A portrait of Maximilian von Hapsburg, Holy Roman Emperor, Duke of Austria, and co-duke of Burgundy through his wife Mary of Burgundy. The artist is Bernhard Strigel. Date: ca. 1500. Source: Kunsthistorisches Museum, Vienna.
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season two

Episode 25: Into The Lion’s Den

To try to stop a war Florence is badly losing and take some steam out of the Pope’s vendetta against him, Lorenzo does something few politicians had done before or since: put himself directly in enemy territory. 

King Ferrante of Naples as one of the Magi who visit the infant Jesus Christ in Marco Cardisco’s Adoration of the Magi. Date unknown. Source: Civic Museum of Castel Nuovo, Naples.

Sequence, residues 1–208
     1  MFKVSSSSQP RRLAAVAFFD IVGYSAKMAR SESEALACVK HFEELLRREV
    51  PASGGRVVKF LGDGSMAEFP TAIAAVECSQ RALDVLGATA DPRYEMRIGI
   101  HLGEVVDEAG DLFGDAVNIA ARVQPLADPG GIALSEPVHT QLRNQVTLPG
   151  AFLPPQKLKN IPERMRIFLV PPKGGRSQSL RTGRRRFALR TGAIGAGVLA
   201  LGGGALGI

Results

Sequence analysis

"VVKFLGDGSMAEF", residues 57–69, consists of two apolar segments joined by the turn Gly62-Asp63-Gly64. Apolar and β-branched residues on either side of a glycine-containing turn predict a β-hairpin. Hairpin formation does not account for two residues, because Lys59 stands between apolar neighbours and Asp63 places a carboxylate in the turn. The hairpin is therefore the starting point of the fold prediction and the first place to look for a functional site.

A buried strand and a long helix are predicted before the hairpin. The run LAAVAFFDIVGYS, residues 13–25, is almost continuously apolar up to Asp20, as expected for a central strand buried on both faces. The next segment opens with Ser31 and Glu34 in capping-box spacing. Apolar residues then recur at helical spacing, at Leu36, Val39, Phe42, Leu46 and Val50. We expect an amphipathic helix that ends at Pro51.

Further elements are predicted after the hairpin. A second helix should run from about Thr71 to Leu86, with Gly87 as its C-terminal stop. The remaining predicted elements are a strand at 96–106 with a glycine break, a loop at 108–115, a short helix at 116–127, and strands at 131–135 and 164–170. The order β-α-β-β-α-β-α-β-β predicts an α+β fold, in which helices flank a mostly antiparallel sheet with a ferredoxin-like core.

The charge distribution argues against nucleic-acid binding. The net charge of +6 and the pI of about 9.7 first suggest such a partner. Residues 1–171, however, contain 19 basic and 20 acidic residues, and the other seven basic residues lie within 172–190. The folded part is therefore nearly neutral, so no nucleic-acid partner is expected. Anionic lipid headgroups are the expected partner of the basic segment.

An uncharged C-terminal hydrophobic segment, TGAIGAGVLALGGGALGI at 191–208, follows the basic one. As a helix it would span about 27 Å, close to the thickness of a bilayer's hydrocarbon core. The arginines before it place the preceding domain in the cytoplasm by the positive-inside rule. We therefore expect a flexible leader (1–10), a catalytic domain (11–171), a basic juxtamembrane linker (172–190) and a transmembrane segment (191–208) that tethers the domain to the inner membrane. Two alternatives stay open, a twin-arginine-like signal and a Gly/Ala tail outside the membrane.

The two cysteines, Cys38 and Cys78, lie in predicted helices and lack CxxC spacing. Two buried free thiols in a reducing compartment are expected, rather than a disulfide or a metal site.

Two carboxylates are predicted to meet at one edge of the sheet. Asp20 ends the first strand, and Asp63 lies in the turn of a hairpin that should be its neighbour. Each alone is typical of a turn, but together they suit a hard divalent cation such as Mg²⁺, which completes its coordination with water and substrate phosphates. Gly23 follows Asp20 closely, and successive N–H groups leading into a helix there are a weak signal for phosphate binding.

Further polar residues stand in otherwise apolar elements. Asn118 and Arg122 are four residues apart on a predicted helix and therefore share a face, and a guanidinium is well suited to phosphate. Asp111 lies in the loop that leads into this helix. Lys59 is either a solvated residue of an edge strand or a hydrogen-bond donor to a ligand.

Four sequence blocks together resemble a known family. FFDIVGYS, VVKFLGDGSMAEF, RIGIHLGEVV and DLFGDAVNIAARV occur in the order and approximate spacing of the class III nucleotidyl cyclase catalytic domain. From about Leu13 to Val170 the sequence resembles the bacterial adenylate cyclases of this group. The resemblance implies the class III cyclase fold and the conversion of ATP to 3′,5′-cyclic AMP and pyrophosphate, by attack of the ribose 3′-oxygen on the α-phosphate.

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season two

Episode 23: The Calm Before The Storm

Lorenzo resorts to unsavory methods in order to keep the Medici bank afloat. In the meantime, his path crosses with the man who would prove to be his most relentless enemy: Christ’s representative on Earth himself. 

A fresco depicting Sixtus IV and some of the della Rovere-Riario family by Melozzo da Forli (c. 1477). Source: Vatican Museum.

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season two

Episode 22: Triumphs and Missteps

Not long after coming to power, Lorenzo de’ Medici has to fend off enemies at home and abroad. Unfortunately, in the course of protecting Florence from a crisis that could spiral out of control, Lorenzo sets the stage for a humanitarian disaster. But how much was he really to blame?

A contemporaneous portrait of Lorenzo’s brother, Giuliano de’ Medici, by Sandro Botticelli. Circa 1478. Source: Gemäldegalerie Berlin.

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season two

Episode 21: The Rising Son